Being the father of two NCAA student-athletes has also helped me see the world of collegiate sports in a more personal light.
For the past 28 years, I’ve had the unbelievably good fortune of working as an athletic administrator in varying capacities including as a director of championships at the NCAA. My experience gives me a unique perspective on college athletics. But another role I’ve played has also helped me see the world of collegiate sports in a different, more personal light – as a parent. Two of my three children are student athletes.
My son, Derek, is starting his third season as a left-handed pitcher for Pittsburg State University, a Division II program that is part of the Mid America Intercollegiate Athletics Association. Daughter Emma was recruited to play Division I soccer at Kansas State University in its inaugural season.
Recruiting, academics, scholarships, playing time, training and transfers are among the myriad of topics that are important to coaches, players and parents.
While my wife, Lori, and I have our ideas of the characteristics we want in someone who coaches our kids, I wanted to know what my kids’ idea of a “good coach” is so I asked them when they were home for the holidays.
- Your coach needs to be someone that you trust.
- A coach needs to be a good leader — someone that you want to play for.
- He or she needs to be approachable, not dictatorial — someone you can have “real” conversations with.
- A good coach needs to set boundaries and needs to keep the team engaged and motivated.
- A good coach is someone who has credibility—someone who has “been there” and share those experiences with you to help develop you as a player and make a better team.
- Coaches need to be transparent – to be honest (both good and bad).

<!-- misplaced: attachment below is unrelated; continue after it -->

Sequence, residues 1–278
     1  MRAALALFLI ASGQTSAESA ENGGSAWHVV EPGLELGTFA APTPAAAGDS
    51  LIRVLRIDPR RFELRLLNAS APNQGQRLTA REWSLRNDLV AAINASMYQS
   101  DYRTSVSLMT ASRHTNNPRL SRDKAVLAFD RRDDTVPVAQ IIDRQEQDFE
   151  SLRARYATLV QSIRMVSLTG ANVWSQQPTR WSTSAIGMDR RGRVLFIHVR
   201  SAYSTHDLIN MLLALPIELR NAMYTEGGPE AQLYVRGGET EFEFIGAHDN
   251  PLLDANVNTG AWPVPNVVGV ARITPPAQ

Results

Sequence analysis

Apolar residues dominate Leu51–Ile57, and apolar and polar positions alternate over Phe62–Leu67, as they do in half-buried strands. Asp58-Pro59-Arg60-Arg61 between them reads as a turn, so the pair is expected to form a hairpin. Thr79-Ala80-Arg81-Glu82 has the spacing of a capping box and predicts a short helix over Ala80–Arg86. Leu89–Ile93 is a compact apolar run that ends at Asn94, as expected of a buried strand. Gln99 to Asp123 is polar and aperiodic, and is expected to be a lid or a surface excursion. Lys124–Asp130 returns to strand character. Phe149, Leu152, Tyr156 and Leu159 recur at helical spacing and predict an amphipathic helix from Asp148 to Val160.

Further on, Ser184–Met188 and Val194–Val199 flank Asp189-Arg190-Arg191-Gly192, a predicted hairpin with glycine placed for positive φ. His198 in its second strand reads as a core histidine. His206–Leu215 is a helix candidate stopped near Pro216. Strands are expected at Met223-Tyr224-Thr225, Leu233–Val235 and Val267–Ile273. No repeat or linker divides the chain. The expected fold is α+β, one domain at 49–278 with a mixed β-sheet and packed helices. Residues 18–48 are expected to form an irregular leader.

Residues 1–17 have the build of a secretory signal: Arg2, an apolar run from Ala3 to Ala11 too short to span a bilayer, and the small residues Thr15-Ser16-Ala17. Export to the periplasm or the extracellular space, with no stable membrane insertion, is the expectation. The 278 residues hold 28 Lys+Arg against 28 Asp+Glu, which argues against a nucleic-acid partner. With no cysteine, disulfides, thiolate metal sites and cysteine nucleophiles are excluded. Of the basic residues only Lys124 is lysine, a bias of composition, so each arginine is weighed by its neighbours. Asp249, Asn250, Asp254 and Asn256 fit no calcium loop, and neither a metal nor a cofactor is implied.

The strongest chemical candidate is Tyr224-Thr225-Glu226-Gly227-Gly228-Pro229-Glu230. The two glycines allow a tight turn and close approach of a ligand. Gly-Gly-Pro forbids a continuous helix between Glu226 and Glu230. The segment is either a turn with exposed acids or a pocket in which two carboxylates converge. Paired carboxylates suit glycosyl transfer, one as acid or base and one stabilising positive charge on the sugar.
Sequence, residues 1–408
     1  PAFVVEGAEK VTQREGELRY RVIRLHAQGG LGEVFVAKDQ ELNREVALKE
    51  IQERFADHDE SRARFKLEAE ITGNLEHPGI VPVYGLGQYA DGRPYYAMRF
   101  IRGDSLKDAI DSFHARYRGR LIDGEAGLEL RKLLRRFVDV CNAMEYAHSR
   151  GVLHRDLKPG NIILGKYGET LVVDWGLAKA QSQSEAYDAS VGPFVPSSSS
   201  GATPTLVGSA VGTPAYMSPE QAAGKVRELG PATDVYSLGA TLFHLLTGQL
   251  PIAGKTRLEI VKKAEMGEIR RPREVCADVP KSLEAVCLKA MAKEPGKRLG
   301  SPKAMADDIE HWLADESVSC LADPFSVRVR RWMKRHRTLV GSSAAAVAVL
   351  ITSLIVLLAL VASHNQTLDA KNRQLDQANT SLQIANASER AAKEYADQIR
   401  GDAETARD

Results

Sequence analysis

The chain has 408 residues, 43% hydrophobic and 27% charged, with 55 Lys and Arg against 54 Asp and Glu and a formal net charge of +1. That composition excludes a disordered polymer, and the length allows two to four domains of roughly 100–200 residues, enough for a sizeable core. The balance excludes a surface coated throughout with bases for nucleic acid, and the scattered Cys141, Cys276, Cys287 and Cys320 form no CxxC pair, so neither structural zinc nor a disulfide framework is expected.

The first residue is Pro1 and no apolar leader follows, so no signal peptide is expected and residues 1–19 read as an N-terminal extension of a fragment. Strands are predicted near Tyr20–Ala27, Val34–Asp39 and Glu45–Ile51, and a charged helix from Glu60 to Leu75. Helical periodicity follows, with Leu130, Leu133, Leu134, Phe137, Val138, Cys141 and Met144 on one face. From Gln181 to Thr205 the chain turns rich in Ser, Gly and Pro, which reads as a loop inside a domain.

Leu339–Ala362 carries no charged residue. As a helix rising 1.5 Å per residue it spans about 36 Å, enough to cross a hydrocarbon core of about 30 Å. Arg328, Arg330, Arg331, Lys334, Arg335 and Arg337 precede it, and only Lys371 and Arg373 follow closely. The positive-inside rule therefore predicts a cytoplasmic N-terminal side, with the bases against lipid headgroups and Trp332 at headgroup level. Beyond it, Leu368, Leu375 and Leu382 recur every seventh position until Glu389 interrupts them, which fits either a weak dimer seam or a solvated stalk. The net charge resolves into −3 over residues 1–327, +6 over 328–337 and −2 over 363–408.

- A coach needs to be personable and needs to take an interest in all players on the team — as people first.
- A coach should make it fun and not treat it like a business or a job.
- It needs to be evident to a player that her coach loves coaching.
- A coach should be assertive, but to a reasonable.
A good coach can have an extremely positive impact on you — he knows how to pick you up when you are down — whether on the field, in the classroom, etc., Derek said.
Emma had similar sentiments, noting, “A good coach is a role model who gives you confidence and helps you become a better person. He or she teaches you about respect and has the ability to make you happier as a person.”
Bottom line, coaches have a direct impact on players, their attitudes and athletic performance. Hiring the right coach is paramount to the success of a program. Athletic Directors shoulder a great responsibility in hiring coaches who will positively influence players and get them to buy into program goals in order to create a winning environment.
I’m not the only member of our Olympic Sports Recruiting team with experience as a parent to a student athlete. In a recent post, CEO Steve Snodgrass highlighted the success his son, Lance, had a collegiate soccer player. Steve’s other son, Jeff, was a Division I field-goal kicker at Kansas State University under legendary coach Bill Snyder. More on that in a future post.
If you want to find out more about identifying and vetting the right coach for your Olympic sports program, both Steve and I welcome the chance to share our own experiences as coach, athletic administrator and, most importantly, Dad. Contact me at Tom@SnodgrassPartners.com